Jordan Canahai’s review published on Letterboxd:
Few filmmakers in recent years have exhibited such rare precision and skill in bringing out the soul of their films as Barry Jenkins. From his debut feature, the indie romance Medicine for Melancholy, to his coming-of-age drama Moonlight, Jenkins has found rich and compelling ways to evoke black life in America in all its contradictions and complexities. Following up one of the most deserving Best Picture winners since the turn of the century, his latest triumph, the period romantic drama If Beale Street Could Talk, is a beautiful love letter to the literature of James Baldwin, adapted from his 1974 novel of the same name.
A visually nurturing, dreamlike depiction of young love in Harlem, the film concerns the struggles of two lovebirds, respectfully nicknamed Tish (Kiki Layne) and Fonny (Stephen James). When Tish becomes pregnant shortly after Fonny is incarcerated for a crime he didn’t commit, she struggles over how to break the news to her more forward thinking parents, in contrast to Fonny’s critical, conservative family (Needless to say, the Holy ghost is invoked by his mother in response.) Employing a non-linear structure that uses flashbacks frequently, the sweet, sensual journey of Tish and Fonny’s budding romance is contrasted with the harsh realities of urban life, made even more difficult by the color of their skin. This is most apparent in scenes depicting the injustices in a legal system which jails Fonny on rape charges despite overwhelming evidence he couldn’t have possibly committed the crime.
While the film is no doubt infused with anger and grief over uncomfortable truths in our society in regards to racism and sexual assault, Jenkins masterful command of the medium ensures If Beale Street Could Talk stands as far more than a simple message movie. His stylistic flourishes, slightly subdued more than one might expect for a director of such talent and ambition, create a lasting serenade that soulfully reveals his many characters collective complexities. Working once again with cinematographer James Laxton, colors spring forth vibrantly from the period setting to convey moments that are often more about mood than the progression of story. There’s a softness to the look of the picture well suited to the nostalgic longing at the heart of Tish and Fonny’s relationship, despite the prejudices of the period they endure.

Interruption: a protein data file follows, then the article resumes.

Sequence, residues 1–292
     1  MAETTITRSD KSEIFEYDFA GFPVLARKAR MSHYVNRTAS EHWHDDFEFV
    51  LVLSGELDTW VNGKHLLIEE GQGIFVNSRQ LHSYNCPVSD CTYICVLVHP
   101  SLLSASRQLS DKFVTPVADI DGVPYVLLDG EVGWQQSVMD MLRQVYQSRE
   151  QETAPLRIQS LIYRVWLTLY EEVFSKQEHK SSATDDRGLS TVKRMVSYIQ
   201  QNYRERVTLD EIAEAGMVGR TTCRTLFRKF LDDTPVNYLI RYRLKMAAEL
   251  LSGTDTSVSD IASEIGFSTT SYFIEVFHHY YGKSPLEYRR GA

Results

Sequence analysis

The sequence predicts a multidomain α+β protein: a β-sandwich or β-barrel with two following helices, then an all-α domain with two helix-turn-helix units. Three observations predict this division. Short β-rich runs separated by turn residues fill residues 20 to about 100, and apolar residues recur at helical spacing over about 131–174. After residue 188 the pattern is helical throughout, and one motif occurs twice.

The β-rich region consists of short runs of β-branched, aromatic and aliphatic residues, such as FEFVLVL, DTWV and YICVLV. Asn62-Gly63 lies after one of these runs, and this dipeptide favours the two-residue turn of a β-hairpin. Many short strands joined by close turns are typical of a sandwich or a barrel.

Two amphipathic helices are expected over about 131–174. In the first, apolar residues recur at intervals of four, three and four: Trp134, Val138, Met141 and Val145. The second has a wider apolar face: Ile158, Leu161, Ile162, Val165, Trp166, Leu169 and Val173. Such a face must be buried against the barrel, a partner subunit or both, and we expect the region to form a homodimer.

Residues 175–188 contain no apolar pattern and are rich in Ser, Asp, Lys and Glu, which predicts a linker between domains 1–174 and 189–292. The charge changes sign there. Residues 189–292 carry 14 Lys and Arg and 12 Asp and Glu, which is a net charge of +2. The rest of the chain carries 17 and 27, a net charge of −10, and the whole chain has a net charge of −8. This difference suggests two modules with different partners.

Also essential among Jenkins collaborators is composer Nicholas Britelli, who follows up his work on Moonlight with a score that appropriately laces the story with subtly affecting motifs perfectly suited to the tone and rhythm of scenes. From intense harsh sounds in some moments to serene ambiance in others, or even complete silence, the film plays to our ears as much as our eyes and makes the experience of hearing If Beale Street Could Talk as rewarding as seeing it. A scene set in Fonny’s apartment where an old friend (Atlanta star Brian Tyree Henry) confides in him via monologue about his horrible experience being wrongfully convicted in prison, for example, resonates all the more powerfully for the outstanding sound design.
This moment also showcases Jenkins trademark use of intense, centered close up shots on his actors, that often convey more about the soul of characters than the dialogue. His extraordinary ensemble cast wear their hearts on their sleeve, doing justice to both Jenkins and Baldwin’s distinct vision through the sincerity of their performances. As the two leads Layne and James sparkle with romantic chemistry while carrying much of the film’s emotional weight just under its two hour runtime. Much deserved praise has been lavished on Regina King as well, who commands the screen as Tish’s mother. In many ways, hers is the performance most in tune with the overall tone of the picture; she’s both raw yet composed, and weighed down by grief at the world while still possessing an unwavering, essential compassion.
As the film moves towards its final act it appropriately adopts a more haunting, elegiac vibe as the weight of unfortunate circumstances bear down on our subjects, that stands in stark contrast to the moments of warmth that color the earlier scenes of romantic idyll. Yet just as was the case with Moonlight, when If Beale Street Could Talk arrives at its pitch-perfect conclusion, the result enriches all the vignettes that preceded it while standing as a powerful statement in its own right. In the end it is Jenkins’ and his collaborators immense respect for Baldwin’s work, evidenced in their painstaking commitment on display in every frame of If Beale Street Could Talk, that lends the film its transcendent quality. “Love brought you here”, Tish’s mother tells her early in the film, and that’s really where the heart of the story lies, and how Jenkins is able to tell it in a way that is universal. The individuals who occupy the spaces of his cinema ultimately just want to be understood, respected, and loved. There’s beauty in Tish and Fonny being able to find that in each other, no matter what the world throws at them for how they look.